Friday, November 18, 2005

News of the Day (November 18)

From the China Freedom Blog Alliance: Member One Free Korea fires another rhetorical double-barrel – and deservedly so – at South Korea’s dovish Unification Minister Chung Dong-Young (labeling him “North Korea's Minister for Southern Affairs” was especially creative), and has high praise for UN Ambassador John Bolton.

United Nations condemns Stalinist North Korea’s human rights abuses: The UN General Assembly’s social and humanitarian committee vote 84-22 in favor of “a resolution expressing serious concern about alleged human rights violations in North Korea” (BBC). As expected, dovish South Korea abstained.

More on Communist China’s would-be colony: President Bush and Vladimir Putin held a brief meeting on the Stalinists’ nuclear ambitions (United Press International via Washington Times); Anthony B. Kim, Heritage Foundation, calls for a U.S.-South Korea free trade agreement (National Review Online).

Australian PM calls for Communist honesty on bird flu; more outbreaks expected: Better late (lead and eighth items) than never. Australian Prime Minister John Howard “made a veiled warning to China not to cover up the extent of its bird flu problem” (AAP via Epoch Times). Meanwhile, the World Heath Organization “would not be surprised to see more scattered human cases of avian flu” (Voice of America via Epoch Times).

Hu Yoabang’s birth marked, but his legacy was ignored: Communist China officially marked the 90th birthday of Hu Yaobang, the reform-minded Communist whose death in April 1989 sparked the Tiananmen protests. Lest anyone think this was any harbinger of hope for the Chinese people: “According to Reuters news agency, 10 liberal intellectual friends invited to the memorial by Hu's family were told to stay away” (BBC).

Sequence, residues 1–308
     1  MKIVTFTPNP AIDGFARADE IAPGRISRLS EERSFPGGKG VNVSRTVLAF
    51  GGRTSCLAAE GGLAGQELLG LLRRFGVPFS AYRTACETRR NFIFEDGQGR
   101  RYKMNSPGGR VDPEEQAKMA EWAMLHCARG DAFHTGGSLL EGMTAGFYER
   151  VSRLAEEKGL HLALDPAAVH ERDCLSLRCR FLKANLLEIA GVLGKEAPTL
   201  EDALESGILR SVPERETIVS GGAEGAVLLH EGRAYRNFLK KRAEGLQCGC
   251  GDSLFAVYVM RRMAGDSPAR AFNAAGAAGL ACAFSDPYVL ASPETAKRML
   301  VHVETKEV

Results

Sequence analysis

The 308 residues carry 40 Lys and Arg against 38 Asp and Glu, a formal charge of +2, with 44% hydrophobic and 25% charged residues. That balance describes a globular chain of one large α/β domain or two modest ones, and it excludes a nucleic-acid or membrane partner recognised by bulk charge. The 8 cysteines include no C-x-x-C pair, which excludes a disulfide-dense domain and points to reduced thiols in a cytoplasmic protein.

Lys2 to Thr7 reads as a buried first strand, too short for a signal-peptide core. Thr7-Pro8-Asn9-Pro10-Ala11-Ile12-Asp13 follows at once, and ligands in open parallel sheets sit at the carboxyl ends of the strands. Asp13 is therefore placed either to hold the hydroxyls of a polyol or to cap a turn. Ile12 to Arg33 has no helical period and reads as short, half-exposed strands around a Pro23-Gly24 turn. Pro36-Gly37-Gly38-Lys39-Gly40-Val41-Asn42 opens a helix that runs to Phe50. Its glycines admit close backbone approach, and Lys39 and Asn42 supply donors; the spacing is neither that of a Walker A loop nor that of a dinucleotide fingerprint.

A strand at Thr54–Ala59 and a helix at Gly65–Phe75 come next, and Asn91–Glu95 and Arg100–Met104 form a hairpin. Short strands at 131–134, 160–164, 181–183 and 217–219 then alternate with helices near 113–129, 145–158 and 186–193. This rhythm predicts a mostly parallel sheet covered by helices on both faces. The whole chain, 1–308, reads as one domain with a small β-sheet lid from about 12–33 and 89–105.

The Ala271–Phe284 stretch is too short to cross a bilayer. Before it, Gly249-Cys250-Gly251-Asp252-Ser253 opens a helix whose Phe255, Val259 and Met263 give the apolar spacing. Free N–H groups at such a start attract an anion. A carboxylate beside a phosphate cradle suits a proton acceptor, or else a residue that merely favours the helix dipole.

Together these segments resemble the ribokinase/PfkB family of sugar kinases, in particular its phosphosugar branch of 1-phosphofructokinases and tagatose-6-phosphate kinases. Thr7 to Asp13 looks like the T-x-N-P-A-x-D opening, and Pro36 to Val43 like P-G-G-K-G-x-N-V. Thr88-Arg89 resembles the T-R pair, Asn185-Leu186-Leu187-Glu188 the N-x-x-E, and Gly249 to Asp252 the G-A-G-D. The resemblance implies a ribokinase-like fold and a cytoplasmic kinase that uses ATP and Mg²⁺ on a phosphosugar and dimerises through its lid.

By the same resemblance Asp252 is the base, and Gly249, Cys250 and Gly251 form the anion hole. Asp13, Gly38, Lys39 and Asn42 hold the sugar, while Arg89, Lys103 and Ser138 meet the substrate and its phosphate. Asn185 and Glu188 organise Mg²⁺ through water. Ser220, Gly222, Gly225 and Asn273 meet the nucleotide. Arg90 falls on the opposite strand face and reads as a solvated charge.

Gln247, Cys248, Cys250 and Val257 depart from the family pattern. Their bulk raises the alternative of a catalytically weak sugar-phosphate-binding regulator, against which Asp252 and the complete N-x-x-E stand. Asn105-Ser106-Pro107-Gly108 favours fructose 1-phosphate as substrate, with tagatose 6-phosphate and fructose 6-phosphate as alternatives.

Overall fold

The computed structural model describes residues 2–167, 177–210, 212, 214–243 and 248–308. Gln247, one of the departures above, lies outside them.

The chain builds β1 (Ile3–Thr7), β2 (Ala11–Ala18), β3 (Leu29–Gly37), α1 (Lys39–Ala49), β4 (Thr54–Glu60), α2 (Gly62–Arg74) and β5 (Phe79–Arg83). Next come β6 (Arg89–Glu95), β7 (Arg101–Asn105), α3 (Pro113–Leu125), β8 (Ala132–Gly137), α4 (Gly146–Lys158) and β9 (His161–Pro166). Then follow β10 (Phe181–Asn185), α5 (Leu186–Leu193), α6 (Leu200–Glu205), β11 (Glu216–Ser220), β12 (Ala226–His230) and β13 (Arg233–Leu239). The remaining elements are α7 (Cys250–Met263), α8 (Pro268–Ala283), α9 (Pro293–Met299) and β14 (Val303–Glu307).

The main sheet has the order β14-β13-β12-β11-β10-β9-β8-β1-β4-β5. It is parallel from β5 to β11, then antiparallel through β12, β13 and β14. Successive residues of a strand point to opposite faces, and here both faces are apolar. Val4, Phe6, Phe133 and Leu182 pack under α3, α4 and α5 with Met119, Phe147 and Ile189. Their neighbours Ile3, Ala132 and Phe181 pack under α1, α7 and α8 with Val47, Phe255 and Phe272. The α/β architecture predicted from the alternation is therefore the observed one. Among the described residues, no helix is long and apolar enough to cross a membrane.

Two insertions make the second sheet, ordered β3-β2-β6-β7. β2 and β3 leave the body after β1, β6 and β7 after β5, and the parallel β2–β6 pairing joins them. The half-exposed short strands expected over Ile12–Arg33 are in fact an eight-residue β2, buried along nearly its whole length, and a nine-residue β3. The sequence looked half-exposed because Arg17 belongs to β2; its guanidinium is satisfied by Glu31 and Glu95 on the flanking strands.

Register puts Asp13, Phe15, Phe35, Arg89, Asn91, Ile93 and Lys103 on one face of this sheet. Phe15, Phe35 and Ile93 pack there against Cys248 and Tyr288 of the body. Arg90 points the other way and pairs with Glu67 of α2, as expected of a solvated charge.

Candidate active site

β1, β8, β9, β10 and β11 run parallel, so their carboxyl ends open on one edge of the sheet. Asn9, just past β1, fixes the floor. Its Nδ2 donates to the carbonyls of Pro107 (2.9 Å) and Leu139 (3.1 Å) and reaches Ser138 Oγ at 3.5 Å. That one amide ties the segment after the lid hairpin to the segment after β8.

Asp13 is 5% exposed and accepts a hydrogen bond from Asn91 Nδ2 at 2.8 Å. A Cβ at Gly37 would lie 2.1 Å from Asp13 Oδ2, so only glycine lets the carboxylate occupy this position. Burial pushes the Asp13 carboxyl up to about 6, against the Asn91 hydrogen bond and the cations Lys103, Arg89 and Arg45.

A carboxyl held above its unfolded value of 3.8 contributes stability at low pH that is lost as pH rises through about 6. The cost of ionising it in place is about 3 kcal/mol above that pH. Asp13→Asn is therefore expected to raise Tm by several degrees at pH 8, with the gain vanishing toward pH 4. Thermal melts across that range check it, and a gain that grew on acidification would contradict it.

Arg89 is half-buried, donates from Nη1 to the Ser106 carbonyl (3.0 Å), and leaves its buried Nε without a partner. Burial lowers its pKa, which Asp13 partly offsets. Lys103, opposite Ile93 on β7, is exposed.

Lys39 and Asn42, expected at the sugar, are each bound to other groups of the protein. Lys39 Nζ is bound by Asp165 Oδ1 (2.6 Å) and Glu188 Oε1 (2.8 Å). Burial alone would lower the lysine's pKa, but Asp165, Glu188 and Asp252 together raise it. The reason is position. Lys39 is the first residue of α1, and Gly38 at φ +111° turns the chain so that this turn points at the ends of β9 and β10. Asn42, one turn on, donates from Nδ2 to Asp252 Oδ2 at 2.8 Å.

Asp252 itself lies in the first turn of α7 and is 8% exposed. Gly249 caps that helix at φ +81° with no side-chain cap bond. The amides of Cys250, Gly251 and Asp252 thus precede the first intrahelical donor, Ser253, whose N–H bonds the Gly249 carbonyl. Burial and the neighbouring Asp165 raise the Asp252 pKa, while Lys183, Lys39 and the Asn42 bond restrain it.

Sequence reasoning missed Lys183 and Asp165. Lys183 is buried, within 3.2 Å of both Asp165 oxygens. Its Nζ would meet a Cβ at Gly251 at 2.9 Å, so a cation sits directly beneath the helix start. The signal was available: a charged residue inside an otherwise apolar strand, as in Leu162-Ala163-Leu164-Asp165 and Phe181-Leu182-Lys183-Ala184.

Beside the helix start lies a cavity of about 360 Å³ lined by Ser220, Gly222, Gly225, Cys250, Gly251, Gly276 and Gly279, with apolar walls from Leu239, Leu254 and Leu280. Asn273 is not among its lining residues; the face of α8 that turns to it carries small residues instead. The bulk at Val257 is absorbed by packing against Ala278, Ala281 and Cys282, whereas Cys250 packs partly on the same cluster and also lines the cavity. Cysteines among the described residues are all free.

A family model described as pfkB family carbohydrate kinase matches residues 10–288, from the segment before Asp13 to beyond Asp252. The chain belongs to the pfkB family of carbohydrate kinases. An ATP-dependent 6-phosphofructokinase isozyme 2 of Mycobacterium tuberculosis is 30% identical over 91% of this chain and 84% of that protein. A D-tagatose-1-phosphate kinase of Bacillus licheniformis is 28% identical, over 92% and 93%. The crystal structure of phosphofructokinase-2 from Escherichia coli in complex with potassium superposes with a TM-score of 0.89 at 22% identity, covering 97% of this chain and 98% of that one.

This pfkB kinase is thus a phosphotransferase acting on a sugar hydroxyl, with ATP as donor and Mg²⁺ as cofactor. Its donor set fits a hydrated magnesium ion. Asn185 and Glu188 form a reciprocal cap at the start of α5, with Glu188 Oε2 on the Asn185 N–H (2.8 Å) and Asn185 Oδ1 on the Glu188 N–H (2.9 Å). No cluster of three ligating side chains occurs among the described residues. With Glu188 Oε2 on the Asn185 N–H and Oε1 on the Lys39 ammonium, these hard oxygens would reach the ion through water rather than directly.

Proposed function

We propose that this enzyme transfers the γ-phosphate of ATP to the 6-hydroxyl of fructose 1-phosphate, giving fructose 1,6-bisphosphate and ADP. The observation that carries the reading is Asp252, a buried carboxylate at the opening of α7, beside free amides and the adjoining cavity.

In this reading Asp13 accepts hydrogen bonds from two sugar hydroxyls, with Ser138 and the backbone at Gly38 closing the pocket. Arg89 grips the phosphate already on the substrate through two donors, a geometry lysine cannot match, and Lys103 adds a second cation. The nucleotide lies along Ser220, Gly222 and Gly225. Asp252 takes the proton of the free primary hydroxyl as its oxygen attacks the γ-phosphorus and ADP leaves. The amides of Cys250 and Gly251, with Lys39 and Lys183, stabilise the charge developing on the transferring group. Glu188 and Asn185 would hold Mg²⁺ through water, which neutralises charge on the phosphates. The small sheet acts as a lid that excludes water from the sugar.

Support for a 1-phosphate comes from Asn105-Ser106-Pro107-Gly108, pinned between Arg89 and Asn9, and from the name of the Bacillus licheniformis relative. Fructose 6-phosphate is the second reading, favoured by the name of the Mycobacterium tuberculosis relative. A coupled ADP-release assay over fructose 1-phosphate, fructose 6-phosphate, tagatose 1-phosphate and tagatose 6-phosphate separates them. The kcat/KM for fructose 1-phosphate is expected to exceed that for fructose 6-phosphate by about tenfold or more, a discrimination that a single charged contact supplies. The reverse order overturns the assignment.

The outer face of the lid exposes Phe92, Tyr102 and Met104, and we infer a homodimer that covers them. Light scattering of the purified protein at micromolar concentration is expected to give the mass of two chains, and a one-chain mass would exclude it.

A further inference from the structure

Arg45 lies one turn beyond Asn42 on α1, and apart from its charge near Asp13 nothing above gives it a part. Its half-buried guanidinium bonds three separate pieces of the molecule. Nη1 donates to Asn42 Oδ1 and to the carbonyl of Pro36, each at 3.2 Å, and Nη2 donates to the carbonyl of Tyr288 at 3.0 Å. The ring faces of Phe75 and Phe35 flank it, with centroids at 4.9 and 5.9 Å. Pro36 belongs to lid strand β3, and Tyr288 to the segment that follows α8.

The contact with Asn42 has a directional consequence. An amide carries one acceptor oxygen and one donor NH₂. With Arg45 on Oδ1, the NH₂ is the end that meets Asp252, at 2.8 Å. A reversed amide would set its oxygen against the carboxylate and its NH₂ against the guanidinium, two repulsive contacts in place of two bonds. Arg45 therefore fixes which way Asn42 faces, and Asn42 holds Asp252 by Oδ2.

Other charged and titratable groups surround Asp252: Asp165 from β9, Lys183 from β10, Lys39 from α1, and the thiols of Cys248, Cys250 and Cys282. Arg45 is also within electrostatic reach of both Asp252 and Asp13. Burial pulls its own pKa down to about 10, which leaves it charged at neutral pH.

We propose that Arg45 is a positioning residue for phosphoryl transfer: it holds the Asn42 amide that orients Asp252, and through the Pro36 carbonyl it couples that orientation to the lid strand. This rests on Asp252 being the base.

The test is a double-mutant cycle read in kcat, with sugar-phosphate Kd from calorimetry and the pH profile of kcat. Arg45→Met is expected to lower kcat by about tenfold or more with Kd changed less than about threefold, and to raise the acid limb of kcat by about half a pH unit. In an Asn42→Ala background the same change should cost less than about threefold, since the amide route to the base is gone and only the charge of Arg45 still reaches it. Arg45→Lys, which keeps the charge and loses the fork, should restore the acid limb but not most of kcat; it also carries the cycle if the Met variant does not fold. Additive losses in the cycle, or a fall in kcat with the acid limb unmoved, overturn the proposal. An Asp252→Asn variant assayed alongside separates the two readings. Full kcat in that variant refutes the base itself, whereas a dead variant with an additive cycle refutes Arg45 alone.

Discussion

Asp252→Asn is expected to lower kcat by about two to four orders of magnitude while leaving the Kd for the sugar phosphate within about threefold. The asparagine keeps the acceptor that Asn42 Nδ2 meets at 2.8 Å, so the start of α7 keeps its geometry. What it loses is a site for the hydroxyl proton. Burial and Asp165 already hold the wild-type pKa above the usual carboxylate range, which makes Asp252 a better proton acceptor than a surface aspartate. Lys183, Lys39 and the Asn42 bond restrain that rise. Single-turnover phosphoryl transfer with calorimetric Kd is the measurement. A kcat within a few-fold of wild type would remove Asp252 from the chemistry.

On Communist China and the United States: The editors of the Washington Times improve greatly from their last comments on President Bush and Communist China and note the thwarting, for now, of the worlds’ dictators on Internet control. Lev Navrozov, Newsmax, opines as to how and why Communist China spies against the U.S. Frederick Stakelbeck notes that Communist China’s distaste for “protectionism” in energy does not apply to its own energy firms (Front Page Magazine). However, the Enlightened Comment of the Day goes to Dan DiMicco, Nucor Corporation, for his analysis of how Communist China has changed the rules on globalization (Washington Times).

On occupied East Turkestan: Quentin Sommerville, BBC, has a puff piece on the “Xinjiang” Production and Construction Corps that easily wins Ignorant Comment of the Day (if he had talked to Li Qike first, he might have spared himself the ignominy). Nury Turkel, Uyghur American Association, is much better in National Review Online.

On Gao Zhisheng: Lawyers' Rights Watch Canada writes an open letter to Hu Jintao (reprinted by the Epoch Times) calling on him to end the persecution of human rights attorney Gao Zhisheng (sixth, tenth, fifth, lead, and third items).

No comments: